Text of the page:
The innerHTML dilemma

I have a love-hate relationship with innerHTML.

On the one hand, it’s proprietary. It’s certainly not part of the W3C DOM. It’s also not very subtle. It takes a single argument — a string — and bungs it into an element, regardless of whether the string contains valid or even well-formed markup. It’s a lot safer (although more time-consuming) to use DOM methods like createElement, createTextNode and appendChild.

On the other hand, innerHTML is very well-supported. In fact, it enjoys better cross-browser support than some official DOM methods and properties.

Does this make it a de-facto standard? Possibly. People are already paving the cowpaths with innerHTML when it comes to Ajax. See the microformat, for instance. It’s a super-simple way of taking the responseText property of the XMLHttpRequest object and slapping it into a specified part of a page. It’s the very essence of Ajax: updating a portion of a page instead of refreshing the whole page. That’s pretty similar to the way I’ve built most of my Ajax apps so far.

Using a proprietary property like innerHTML does make me feel slightly dirty. I justify its use by telling myself that XMLHttpRequest is also proprietary, which is true. There’s no way to make Ajax work without making some sort of Faustian pact with non-standard technologies… non-standard in the strictest sense, anyway.

But there’s a specific situation where innerHTML can let you down. If you serve up your XHTML with an XML mime-type, you can’t use innerHTML. If you want your documents to be treated as XML, you’ll have to forego the convenience of HTML-specific properties like innerHTML.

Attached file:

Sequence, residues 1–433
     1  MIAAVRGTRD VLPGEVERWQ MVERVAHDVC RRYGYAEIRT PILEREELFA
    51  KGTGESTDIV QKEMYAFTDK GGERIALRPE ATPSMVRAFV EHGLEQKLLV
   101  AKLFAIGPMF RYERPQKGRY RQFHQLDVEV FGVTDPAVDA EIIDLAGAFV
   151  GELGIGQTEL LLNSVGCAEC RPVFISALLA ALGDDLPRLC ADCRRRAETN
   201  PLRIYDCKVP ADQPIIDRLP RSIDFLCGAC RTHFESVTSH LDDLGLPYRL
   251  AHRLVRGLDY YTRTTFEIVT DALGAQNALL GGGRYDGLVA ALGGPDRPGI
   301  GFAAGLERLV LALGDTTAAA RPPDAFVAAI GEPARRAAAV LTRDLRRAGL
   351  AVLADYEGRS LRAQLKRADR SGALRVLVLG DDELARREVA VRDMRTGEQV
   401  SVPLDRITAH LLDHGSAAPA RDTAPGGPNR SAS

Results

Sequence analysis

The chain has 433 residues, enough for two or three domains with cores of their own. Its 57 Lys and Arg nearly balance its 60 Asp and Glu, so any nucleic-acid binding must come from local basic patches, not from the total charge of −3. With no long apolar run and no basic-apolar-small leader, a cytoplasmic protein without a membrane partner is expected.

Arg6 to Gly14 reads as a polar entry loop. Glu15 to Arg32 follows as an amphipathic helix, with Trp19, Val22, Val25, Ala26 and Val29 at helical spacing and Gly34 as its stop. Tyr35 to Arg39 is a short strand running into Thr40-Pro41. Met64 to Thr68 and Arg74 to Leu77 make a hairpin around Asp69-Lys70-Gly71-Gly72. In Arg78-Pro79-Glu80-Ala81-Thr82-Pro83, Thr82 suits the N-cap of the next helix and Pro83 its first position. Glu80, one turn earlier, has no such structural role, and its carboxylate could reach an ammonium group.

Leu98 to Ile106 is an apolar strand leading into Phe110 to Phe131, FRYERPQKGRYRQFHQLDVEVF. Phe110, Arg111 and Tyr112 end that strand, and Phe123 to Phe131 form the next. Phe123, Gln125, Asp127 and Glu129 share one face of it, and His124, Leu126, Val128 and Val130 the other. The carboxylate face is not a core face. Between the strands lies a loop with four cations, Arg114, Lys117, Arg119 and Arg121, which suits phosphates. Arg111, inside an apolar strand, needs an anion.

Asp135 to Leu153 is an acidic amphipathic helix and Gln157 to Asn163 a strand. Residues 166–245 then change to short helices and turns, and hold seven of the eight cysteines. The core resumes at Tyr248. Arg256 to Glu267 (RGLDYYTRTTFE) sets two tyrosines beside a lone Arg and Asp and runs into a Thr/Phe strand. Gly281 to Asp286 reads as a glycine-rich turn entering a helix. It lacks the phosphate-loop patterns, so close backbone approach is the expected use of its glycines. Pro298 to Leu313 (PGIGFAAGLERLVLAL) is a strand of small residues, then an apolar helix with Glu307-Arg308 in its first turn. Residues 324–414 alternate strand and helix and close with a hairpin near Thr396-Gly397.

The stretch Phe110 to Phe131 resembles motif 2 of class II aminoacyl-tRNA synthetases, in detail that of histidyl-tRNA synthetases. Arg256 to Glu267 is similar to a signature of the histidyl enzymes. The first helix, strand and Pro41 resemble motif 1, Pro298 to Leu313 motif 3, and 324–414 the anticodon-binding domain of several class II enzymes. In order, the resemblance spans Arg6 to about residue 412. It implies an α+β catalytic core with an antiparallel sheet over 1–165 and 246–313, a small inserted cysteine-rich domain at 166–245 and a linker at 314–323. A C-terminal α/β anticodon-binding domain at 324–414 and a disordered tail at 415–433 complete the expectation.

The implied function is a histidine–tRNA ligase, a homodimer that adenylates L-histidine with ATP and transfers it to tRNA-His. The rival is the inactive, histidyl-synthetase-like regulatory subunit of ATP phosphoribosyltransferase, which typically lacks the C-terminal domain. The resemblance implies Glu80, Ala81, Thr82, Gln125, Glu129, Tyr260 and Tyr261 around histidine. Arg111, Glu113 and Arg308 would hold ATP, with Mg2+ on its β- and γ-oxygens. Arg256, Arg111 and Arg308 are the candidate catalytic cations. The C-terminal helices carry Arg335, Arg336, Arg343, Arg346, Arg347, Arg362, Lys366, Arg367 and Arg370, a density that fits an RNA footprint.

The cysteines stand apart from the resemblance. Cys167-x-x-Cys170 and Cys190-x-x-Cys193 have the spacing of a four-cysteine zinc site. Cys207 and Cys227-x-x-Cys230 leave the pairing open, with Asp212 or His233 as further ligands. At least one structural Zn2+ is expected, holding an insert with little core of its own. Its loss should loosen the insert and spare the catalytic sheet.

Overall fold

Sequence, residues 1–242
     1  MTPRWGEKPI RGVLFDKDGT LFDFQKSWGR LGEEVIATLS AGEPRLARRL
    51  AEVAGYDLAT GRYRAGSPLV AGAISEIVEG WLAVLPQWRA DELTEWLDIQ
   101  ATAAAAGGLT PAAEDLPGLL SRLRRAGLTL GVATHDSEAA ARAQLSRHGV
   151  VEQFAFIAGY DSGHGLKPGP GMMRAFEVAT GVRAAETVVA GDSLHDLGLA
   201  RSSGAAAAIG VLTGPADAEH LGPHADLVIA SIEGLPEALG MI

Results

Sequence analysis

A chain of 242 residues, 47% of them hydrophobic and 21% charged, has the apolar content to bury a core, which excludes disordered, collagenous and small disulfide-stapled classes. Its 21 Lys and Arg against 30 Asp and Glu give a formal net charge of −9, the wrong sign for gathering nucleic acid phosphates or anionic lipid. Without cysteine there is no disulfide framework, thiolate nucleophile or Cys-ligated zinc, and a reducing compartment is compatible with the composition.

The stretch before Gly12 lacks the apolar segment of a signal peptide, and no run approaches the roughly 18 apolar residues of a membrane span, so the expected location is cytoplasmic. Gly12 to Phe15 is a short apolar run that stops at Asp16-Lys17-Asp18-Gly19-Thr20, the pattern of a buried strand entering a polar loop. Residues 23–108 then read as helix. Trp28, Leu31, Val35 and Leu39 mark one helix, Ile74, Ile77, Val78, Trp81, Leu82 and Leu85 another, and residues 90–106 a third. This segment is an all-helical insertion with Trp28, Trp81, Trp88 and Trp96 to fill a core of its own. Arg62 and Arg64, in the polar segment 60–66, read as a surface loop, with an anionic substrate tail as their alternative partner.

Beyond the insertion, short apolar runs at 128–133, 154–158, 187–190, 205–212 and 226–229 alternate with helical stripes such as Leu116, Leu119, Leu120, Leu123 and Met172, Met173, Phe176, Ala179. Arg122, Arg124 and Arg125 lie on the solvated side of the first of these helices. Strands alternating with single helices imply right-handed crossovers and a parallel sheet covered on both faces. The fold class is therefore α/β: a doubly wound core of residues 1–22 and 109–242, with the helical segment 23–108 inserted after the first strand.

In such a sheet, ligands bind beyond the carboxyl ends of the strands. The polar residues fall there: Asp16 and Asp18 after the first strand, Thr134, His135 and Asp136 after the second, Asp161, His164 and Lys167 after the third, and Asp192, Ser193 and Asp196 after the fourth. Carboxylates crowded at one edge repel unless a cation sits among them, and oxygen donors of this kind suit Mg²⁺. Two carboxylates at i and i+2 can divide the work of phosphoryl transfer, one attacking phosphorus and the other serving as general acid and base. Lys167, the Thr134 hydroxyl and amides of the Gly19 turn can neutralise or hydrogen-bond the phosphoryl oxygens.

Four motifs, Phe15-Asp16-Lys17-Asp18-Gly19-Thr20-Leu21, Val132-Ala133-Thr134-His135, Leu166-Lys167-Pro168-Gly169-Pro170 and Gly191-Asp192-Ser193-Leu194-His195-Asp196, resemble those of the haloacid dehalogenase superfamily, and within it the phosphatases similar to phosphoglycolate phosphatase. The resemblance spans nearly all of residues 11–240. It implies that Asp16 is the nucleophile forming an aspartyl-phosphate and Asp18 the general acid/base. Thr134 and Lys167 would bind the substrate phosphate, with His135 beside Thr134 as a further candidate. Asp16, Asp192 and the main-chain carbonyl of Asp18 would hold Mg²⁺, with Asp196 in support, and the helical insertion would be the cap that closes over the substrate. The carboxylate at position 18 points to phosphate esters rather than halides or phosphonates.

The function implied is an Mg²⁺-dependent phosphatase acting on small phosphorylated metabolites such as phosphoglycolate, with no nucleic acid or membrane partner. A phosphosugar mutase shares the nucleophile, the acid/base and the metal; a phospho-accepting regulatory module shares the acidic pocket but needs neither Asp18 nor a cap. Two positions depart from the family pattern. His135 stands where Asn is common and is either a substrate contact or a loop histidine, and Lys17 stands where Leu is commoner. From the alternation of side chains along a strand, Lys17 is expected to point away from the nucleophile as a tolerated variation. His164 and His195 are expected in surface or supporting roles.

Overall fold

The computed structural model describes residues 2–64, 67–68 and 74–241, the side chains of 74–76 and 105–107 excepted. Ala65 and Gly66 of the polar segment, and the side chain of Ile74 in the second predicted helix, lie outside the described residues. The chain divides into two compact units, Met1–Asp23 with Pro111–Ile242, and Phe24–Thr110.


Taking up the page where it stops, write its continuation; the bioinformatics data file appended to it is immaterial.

Or at least that was the case. Firefox 1.5 has just been released. Among the many changes made to the browser, it now supports the use of innerHTML even on XHTML documents.

Maybe it’s time I worked out my “issues” with innerHTML. It looks like it’s here to stay.

I just hope it doesn’t lead me down a slippery slope to document.write.

Posted by Jeremy on Thursday, December 1st, 2005 at 3:04am


I have never and will never use innerHTML for anything other than testing. It’s so unstructured, it feels like bad programming practice and is on the same level as document.write() (which will never work in XHTML and I will also never use in HTML).

I’m fairly disappointed with Firefox for adding support for it. People should just learn to use the much more structured DOM2 methods. However, it is good that Firefox’s implementation for XML documents will fail if it’s not well formed, unlike Opera.

# Posted by Lachlan Hunt on Thursday, December 1st, 2005 at 4:47am